Study Reveals Low Rate of Frog Abnormalities on Refuges
November 19, 2013 - An unprecedented 10-year-study by the U.S. Fish and Wildlife Service (Service) shows encouraging results for frogs and toads on national wildlife refuges. The study, published today in the peer-reviewed online journal PLOS ONE, finds that on average, less than 2 percent of frogs and toads sampled on 152 refuges had physical abnormalities involving the skeleton and eyes – a lower rate than many experts feared based on earlier reports. This indicates that the severe malformations such as missing or extra limbs repeatedly reported in the media during the mid-1990s were actually very rare on national wildlife refuges.
“Frogs and toads are strong indicators of wetland and environmental quality. What affects them affects a broad range of other species,” said Service Director Dan Ashe. “This research significantly advances our understanding of amphibian abnormalities while amassing one of the world’s largest datasets on the issue.”
The study also highlights areas of the country with more abnormal frogs than expected. These areas, termed “hotspot clusters,” warrant further research to determine their causes.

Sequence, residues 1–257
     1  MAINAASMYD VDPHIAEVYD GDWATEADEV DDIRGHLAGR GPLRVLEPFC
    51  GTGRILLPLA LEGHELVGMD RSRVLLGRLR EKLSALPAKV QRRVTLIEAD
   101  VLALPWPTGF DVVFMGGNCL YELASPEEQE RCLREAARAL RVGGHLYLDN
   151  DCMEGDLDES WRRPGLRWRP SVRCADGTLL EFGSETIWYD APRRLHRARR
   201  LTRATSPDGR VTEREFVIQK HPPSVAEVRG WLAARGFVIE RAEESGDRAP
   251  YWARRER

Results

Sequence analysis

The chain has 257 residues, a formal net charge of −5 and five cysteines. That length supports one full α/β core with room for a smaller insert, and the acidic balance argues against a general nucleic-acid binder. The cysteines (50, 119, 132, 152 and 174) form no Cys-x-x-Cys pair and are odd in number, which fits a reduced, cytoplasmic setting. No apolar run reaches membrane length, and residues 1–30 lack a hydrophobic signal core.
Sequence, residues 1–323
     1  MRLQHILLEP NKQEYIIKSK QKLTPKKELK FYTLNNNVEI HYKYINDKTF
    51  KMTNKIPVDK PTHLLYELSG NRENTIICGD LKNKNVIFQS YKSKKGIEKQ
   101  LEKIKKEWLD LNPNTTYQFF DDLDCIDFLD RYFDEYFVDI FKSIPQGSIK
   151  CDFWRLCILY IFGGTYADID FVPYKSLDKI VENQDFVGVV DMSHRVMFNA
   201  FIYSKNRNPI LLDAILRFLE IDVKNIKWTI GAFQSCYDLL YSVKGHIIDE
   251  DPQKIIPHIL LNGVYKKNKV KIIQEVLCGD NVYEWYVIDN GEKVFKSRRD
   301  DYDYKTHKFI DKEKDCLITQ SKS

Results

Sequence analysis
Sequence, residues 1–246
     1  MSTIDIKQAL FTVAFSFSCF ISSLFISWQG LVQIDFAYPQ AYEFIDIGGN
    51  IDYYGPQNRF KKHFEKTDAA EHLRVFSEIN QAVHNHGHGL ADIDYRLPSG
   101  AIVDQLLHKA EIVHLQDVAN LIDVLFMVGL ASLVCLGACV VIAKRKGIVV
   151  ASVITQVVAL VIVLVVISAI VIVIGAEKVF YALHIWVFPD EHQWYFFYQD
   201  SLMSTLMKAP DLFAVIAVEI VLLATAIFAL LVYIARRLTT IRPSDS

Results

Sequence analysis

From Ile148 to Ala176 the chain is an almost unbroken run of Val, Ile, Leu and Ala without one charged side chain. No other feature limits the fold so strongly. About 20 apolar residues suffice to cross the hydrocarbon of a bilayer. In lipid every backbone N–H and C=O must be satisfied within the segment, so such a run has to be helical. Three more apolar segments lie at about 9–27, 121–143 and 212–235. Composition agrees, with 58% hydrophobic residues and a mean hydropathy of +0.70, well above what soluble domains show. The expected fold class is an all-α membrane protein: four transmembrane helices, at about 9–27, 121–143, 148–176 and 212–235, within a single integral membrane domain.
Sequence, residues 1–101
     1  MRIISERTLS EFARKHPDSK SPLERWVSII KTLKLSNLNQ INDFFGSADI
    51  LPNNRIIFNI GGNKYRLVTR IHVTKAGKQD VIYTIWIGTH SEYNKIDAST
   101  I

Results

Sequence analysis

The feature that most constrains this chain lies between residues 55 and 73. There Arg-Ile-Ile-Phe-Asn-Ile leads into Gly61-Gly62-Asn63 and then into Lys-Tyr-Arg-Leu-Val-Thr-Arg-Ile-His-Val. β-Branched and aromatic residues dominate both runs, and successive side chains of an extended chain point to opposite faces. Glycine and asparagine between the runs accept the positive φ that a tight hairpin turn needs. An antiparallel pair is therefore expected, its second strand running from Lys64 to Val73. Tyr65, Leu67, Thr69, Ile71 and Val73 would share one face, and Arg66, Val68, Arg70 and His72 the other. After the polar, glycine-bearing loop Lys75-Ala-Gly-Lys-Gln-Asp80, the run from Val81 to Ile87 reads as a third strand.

Study Prompted by Middle School Student Discoveries
In 2000, Congress asked agencies within the Department of the Interior, including the Service and U.S. Geological Survey, to address growing concerns about the health of amphibians in the United States. In response, the Service launched a 10-year study, the largest ever of its kind, to determine the distribution and severity of amphibian abnormalities within the National Wildlife Refuge System. The research effort – called the National Abnormal Amphibian Program – sampled more than 68,000 frogs on 152 refuges, and in the process, compiled one of the world’s largest databases on amphibian abnormalities.
On average, only 2 percent of the frogs and toads were classified as having skeletal or eye abnormalities, the types of abnormalities most commonly studied. The expected background range of zero to 2 percent skeletal/eye abnormalities was found at many refuges. Extra limbs were exceedingly rare: just 0.025 percent of all frogs sampled.
Analysis of the data showed that the location where the amphibians were collected was a better predictor of whether or not they would be abnormal than was their species or the year they were sampled. There was virtually no evidence that some species were more likely to be abnormal than others or that more abnormal frogs were found in some years than in others.
Although this study was not designed to investigate the reasons behind amphibian abnormalities, the results strongly implicate localized causes. This is consistent with other research, some of which has identified contamination, predators, parasites or the interaction of these as potential factors.
The complete dataset from the study is being made available online at the Dryad Digital Repository to facilitate future research to aid in the conservation of amphibians and their habitats.